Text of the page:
Infant Mortality Rates Fall 15 Percent in US | NBC Bay Area
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Infant Mortality Rates Fall 15 Percent in US

The rate at which infants die every year "is considered a basic measure of public health for countries around the world," one researcher said

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    Infant Mortality Rates Fall 15 Percent in US
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    Fewer babies are dying in the United States than a decade ago, according to NBC News.

    The U.S. infant mortality rate, which is higher than in other developed countries, is down 15 percent over the last 10 years, federal researchers reported Tuesday.

    "Infant mortality is considered a basic measure of public health for countries around the world," wrote Anne Driscoll and T.J. Mathews of the National Center for Health Statistics, part of the Centers for Disease Control and Prevention.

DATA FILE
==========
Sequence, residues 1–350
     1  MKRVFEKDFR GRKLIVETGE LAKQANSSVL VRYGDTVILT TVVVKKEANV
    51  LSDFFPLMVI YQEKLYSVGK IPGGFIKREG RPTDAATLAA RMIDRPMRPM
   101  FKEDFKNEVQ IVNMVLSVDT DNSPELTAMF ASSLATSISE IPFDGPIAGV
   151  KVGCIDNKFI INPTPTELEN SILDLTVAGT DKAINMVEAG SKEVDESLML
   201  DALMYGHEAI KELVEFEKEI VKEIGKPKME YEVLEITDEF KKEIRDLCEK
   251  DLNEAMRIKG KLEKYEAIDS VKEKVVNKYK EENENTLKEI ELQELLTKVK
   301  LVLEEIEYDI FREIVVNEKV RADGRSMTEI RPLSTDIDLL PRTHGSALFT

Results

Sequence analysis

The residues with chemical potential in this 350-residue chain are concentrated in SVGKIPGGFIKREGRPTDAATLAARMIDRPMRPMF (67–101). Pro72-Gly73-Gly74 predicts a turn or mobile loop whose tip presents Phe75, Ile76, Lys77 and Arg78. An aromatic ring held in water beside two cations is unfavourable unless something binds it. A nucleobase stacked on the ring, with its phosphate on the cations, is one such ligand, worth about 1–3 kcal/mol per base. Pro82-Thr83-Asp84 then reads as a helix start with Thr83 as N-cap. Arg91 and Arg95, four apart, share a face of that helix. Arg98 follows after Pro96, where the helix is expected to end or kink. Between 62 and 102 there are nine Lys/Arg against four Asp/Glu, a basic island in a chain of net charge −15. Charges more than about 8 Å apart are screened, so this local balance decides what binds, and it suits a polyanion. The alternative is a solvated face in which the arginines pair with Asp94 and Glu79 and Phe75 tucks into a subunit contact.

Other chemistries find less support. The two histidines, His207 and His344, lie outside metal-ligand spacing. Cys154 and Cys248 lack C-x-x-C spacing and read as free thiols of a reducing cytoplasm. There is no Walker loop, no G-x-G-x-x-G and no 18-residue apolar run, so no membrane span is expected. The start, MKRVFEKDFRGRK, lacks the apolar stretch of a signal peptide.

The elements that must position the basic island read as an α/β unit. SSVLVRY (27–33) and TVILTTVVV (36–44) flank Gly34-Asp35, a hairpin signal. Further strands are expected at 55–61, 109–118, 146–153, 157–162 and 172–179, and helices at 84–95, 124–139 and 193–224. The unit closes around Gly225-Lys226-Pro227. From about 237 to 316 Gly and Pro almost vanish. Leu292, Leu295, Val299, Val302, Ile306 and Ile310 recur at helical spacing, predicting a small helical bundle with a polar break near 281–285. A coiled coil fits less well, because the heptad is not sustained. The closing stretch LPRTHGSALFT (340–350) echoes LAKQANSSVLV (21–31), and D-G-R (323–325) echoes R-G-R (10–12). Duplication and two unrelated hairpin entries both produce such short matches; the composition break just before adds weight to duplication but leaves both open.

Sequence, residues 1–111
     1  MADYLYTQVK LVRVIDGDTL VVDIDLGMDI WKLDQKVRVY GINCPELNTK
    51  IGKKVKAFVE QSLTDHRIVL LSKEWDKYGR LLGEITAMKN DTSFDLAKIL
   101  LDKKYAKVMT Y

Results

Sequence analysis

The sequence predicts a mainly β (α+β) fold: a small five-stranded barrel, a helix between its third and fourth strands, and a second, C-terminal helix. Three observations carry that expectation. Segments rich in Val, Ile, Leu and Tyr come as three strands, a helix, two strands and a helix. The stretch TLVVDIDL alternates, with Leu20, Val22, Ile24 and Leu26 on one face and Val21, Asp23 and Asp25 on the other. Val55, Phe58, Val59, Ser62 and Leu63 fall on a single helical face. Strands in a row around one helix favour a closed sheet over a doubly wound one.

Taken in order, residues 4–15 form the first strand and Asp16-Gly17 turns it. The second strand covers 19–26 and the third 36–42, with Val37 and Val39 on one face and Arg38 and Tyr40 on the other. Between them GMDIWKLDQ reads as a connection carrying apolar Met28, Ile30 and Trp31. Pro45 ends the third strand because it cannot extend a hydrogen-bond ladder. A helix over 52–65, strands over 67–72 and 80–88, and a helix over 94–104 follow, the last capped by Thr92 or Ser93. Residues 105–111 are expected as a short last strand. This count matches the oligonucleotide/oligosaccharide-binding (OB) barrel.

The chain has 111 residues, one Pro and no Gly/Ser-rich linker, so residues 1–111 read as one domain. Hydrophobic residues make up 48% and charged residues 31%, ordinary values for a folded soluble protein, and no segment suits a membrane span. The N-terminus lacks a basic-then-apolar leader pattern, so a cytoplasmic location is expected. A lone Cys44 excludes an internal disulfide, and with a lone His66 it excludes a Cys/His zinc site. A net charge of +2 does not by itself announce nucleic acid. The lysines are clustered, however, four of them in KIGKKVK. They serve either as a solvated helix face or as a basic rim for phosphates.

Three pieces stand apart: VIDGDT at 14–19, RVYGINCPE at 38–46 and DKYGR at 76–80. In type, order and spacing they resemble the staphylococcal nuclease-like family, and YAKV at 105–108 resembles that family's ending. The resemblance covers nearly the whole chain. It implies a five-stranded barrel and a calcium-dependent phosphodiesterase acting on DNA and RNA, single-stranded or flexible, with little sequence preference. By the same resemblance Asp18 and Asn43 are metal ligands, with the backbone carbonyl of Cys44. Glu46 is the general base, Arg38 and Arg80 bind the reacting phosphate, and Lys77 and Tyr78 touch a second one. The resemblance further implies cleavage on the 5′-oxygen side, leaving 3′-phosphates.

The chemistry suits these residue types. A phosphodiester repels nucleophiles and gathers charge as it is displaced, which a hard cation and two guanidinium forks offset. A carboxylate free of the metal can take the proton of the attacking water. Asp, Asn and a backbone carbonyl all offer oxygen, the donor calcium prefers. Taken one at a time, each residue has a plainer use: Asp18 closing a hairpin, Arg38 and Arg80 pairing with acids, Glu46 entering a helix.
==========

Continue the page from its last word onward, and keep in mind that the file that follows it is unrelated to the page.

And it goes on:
Researchers pointed to a high teenage pregnancy rate in the U.S. compared to other countries as one of several factors behind the comparatively high rate of babies dying. Teenagers are more likely to have small and premature babies.

    Man Visits Disneyland 2,000 Times In a Row

    [NATL] Man Visits Disneyland 2,000 Times In a Row

    A Huntington Beach man has set a record for most consecutive visits to Disneyland. Jeff Reitz, 44, has visited the park 2,000 times in a row. Reitz started visiting the park every day when he was unemployed and wanted to keep his spirits up. Employed at the VA now, Reitz continues to visit every day after work because it helps him to decompress after a long day. His favorite ride is the Matterhorn Bobsleds, which he first rode with his mom when he was 2 years old. 

    (Published Friday, June 23, 2017)